References

https://sg.news.yahoo.com/bubble-bursts-e-currency-bitcoin-064913387–finance.html?guccounter=1

Renaut, A. (2013, April 13). The bubble bursts on e-currency Bitcoin. Retrieved from https://sg.news.yahoo.com/bubble-bursts-e-currency-bitcoin-064913387–finance.html?guccounter=1

https://www.thisamericanlife.org/423/the-invention-of-money

Glass, I., & Goldstein, J. (n.d.). This American Life- The Invention Of Money [Audio blog post]. Retrieved January 7, 2011, from https://www.thisamericanlife.org/423/the-invention-of-money

Friedman, M. (1991). The Island of Stone Money. In Working Papers in Economics (pp. 1-5).

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8 Responses to Stone Money- CompIIStudent

  1. davidbdale says:

    Please don’t use “tags” to categorize your posts, Comp2. I found this Stone Money assignment of yours by accident. Use “categories” only. Thanks.

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  2. davidbdale says:

    Comp2, I hope I didn’t prejudice everyone by suggesting that someone’s example of a good Stone Money essay was the only way to craft a successful argument. There’s a worrying similarity of approach to this semester’s essays that suggests that I did get countless examples of what it seemed I was asking for.

    My reading of your enjoyable introduction is that it could and probably should be replaced by something as simple as:

    MONEY IS AIR

    The people of Yap had no gold, no gems, no precious metals from which to mint their money, so they settled on limestone disks too big to move as currency and then, because they were cumbersome, dispensed with the need to even move them from one pocket to another, and with that brilliant innovation anticipated our modern cashless economy!

    Maybe you and I are different, but I would read the rest of any essay that started like that. And it’s not so different from the content of your own. Just a matter of emphasis and momentum.

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  3. davidbdale says:

    Paragraph 2. Your summary of the Yap and their stones is lovely, nicely written, and rich in needless detail that should be replaced by something more important to your own thesis. For example, spend 25 words describing WHY the stones didn’t have to be moved and HOW the Yap managed to sustain this (to us) incomprehensible system of tracking wealth. Would it work for our society? DOES IT work for our society?

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  4. davidbdale says:

    More charm. Undeniable charm. But also more waste. The NPR team had an entire hour to tell the three stories of the Yap, the REAL, and the Fed. You have the 8 minutes it will take a reader to get through your 1000 words. You can’t afford to spend 194 on the “storyline” behind Brazil’s new currency and 00 words explaining how the sleight-of-hand worked.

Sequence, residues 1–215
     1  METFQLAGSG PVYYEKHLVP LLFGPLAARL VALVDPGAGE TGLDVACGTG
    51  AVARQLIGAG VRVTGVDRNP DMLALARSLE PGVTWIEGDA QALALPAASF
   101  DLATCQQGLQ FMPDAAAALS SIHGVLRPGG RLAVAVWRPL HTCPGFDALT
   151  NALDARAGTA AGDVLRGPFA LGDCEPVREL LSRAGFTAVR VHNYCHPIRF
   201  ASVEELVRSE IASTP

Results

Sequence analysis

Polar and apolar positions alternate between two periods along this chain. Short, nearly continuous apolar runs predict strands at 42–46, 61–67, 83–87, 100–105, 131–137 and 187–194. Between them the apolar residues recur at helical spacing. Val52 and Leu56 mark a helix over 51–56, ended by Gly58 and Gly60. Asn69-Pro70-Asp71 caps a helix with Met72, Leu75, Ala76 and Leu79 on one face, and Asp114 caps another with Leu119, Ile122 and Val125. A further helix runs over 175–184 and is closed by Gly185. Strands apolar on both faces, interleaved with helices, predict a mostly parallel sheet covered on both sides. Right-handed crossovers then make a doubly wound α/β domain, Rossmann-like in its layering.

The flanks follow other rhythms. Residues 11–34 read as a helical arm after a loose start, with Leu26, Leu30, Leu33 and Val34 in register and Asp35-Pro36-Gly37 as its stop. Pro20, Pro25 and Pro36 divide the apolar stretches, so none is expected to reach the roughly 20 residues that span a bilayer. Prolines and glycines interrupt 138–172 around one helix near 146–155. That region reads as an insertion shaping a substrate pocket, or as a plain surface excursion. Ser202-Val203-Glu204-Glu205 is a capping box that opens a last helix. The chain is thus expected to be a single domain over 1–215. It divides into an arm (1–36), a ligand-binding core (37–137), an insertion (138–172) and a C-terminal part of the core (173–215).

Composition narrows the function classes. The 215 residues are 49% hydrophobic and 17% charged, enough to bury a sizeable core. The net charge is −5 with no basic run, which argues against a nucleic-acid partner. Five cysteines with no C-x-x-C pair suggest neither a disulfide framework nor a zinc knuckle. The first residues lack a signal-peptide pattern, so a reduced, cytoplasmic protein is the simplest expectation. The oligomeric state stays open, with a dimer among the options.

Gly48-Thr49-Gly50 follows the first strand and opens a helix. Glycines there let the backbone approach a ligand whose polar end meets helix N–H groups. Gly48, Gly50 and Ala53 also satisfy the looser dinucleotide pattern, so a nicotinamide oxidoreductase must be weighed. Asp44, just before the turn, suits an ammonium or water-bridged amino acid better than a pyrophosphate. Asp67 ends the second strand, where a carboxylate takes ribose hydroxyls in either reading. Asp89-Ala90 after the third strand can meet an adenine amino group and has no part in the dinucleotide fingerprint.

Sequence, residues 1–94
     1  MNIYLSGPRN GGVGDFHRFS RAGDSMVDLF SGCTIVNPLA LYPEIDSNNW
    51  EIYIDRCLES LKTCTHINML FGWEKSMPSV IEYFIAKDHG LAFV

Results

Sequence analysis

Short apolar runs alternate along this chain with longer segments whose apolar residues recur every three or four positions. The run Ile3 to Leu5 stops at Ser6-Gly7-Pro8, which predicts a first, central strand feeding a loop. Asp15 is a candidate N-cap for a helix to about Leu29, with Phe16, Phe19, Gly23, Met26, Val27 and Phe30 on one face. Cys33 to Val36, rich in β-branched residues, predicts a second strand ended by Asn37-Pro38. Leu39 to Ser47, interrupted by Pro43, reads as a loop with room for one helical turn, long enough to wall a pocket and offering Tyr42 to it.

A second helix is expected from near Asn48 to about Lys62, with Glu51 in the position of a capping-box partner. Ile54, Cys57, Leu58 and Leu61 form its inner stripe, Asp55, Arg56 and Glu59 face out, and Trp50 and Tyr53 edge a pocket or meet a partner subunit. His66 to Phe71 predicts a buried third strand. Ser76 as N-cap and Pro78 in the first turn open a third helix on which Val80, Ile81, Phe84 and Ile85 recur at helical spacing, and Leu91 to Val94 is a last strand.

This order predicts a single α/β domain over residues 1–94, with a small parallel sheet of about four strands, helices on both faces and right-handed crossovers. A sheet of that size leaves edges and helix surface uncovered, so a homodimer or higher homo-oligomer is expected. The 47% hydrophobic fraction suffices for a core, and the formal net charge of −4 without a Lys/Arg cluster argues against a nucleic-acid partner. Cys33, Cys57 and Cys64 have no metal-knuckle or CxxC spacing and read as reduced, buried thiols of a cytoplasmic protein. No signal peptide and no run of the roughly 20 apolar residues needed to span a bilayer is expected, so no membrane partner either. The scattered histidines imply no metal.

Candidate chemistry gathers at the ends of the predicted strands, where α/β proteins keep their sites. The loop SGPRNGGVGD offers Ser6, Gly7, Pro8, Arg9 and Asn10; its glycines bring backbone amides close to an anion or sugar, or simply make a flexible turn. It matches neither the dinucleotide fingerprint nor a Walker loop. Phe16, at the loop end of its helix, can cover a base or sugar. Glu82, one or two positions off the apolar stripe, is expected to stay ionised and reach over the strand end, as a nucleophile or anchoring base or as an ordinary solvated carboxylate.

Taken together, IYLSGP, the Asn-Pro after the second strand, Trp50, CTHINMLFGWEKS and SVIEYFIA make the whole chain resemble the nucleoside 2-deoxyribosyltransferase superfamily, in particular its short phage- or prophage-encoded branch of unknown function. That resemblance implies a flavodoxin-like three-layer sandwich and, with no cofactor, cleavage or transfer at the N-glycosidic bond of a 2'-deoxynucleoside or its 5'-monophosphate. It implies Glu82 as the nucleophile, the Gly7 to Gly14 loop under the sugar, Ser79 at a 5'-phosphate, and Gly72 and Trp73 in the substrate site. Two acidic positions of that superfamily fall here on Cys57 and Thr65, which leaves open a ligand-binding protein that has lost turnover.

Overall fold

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  5. davidbdale says:

    Be more careful with your terms, Comp2.
    Money is in no way disappearing even if physical currency definitely is.
    There is little similarity between Bitcoin and Venmo, although it’s easy to see how they could be confused. Venmo is just a way to transfer Dollars or Francs or Pounds or Yen, etc. without physical transfer of objects. But Bitcoin is a currency to itself, like Dollars or Francs or Yen. AND it’s VERY different from those in that it’s not issued (minted) by the USA or France or Japan. It’s minted by some anonymous guy who made the stuff up.

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  6. davidbdale says:

    Paragraph 6 serves no purpose that I can discern.

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  7. davidbdale says:

    Instead of concluding that the world is just crazy and no rules make any kind of sense: . . .

    There is no specific rule to how money is valued. Sure everything in life is based around money in some way. But why should it be. Why can’t it be based around how many lamps you have?

    . . . it would be more persuasive to reveal the hidden logic that DOES make sense of every system of currency.
    —What happens in a world where governments and economies provide a stable support for speculation on commodities of various types? Fortunes can be made and lost by speculating on what people are likely to value in the near future (whether that’s Bitcoin or commodities like oil).
    —What happens in a world (like Mad Max’s) where governments have disappeared and mayhem rules? Gasoline becomes more precious than any currency and the world resorts to barter.

    So what is it that provides the support for our increasingly non-physical purely digital sometimes non-government-sanctioned currencies? Insanity?

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  8. davidbdale says:

    I’ve graded your post at Canvas, Comp2. No rewrite is required. But you may, for one week, respond to this feedback by revising your post for a Regrade. You will receive no further feedback since you didn’t request any before grading. But if you want to try your luck, make significant revisions and place this post into the Regrade Please category within one week starting now.